Star-shaped support cells of the brain grown in culture. The cell nucleus is in blue, the cell skeleton is fluorescently labeled red, and a protein that supports cell growth and plasticity in green. | Photo by Eugenia Isasi, Facultad de Medicina, Universidad de la República.
How do our cells work? That’s one of the biggest mysteries of life. Complicating this mystery further is the fact that the human body is made of over 37 trillion cells, each with millions of proteins that are so small, we can only see them with the best imaging technologies.
That’s why we’re supporting and developing innovative hardware and open source software tools that will help us look inside our cells at unprecedented resolution. The ability to directly visualize our cells in real time within our bodies is key to curing, preventing or managing all diseases. That’s imaging the future.
Most human cells are too small to be seen with the naked eye. For example, while a grain of salt can typically be seen without any magnification, imagine cutting it into five smaller pieces. Each of those pieces would be about the size of the average human cell. In fact, our cells are so tiny that, on average, about 635 cells could fit across the diameter of a penny.
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The molecular components of our cells and all of the biochemistry surrounding them are even smaller, and it’s at this molecular scale that insights to what makes our cells healthy or sick are hiding. For example, take that same grain of salt, but this time cut it into 100,000 pieces. Now we’re dealing with pieces so small, they’re measured in nanometers. That’s the scale of larger proteins you’d find within a cell that are critical for a cell’s function.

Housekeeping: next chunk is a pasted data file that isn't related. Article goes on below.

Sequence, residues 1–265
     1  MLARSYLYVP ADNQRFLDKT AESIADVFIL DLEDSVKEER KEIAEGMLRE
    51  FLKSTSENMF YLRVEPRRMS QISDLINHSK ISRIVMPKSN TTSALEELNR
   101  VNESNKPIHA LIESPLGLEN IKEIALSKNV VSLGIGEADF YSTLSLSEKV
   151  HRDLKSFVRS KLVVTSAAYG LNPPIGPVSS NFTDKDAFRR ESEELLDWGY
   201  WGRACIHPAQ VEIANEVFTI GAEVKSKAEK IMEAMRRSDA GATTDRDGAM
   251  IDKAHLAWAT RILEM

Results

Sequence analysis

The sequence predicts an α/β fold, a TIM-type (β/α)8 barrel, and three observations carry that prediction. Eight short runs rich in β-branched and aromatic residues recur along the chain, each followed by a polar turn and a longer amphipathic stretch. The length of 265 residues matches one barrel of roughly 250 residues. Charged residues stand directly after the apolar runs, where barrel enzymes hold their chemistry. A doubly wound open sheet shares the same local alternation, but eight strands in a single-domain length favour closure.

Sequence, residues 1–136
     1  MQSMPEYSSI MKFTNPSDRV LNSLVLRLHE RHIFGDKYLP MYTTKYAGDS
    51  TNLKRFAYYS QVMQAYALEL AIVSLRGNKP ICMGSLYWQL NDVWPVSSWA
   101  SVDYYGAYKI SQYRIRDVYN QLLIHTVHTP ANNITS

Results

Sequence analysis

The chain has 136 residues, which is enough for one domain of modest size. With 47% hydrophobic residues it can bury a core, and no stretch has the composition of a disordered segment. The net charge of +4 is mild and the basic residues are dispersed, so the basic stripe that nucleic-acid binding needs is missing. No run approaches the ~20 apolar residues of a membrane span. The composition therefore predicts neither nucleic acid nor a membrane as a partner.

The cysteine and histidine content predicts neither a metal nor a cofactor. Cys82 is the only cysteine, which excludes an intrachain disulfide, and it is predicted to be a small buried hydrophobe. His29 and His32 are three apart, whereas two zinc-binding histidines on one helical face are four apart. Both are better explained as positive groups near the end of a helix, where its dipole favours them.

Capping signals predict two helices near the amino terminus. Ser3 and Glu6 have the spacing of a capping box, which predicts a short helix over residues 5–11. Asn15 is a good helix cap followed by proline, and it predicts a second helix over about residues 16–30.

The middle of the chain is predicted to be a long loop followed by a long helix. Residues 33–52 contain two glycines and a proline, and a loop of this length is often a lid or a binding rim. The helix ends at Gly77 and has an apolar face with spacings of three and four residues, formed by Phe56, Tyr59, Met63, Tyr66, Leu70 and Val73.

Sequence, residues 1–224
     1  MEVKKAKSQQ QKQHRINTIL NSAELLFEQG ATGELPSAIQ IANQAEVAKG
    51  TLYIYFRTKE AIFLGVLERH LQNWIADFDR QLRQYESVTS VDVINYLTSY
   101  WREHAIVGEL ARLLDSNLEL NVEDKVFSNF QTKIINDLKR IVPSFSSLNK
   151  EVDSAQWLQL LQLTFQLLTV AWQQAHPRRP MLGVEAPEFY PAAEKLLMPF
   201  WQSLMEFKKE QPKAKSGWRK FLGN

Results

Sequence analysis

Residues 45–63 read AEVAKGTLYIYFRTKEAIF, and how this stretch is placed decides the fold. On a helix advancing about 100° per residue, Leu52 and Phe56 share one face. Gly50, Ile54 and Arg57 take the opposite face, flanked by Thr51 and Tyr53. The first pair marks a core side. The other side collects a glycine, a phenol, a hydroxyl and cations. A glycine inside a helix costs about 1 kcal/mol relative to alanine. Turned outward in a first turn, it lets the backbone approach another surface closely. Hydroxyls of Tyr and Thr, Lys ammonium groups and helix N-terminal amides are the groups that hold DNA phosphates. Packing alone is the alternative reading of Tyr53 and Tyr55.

Since the 16th century, microscopes have been helping scientists get a closer look at our biology. In the last few decades, advanced imaging technologies have illuminated microscopic details about our cells. Researchers continue to push the boundaries of current technology to get a front-row seat to how these building blocks of life function in everyday health and disease.
The precisely coordinated cell movements of the early embryo are key to how organisms form different tissues.
Imaging technology doesn’t stop at the microscope. A lot of key insights gleaned from high-resolution images come from the way those images are analyzed. And imaging at the nanoscale brings new challenges to that process. For example, imaging just one cell at nanometer resolution takes up the same amount of data as about 83,000 photos on your phone.
The research community is overcoming this data challenge with collaboration. For example, napari is a community-built, open-source tool designed for browsing, annotating and analyzing these types of large and complex images. With the CZI project napari hub, plugins created by the scientific community are openly accessible for those who want to perform advanced image analysis without any coding experience. In the last two years, researchers have downloaded napari plugins over 123,000 times.
Learn more about some of the amazing biology captured using napari: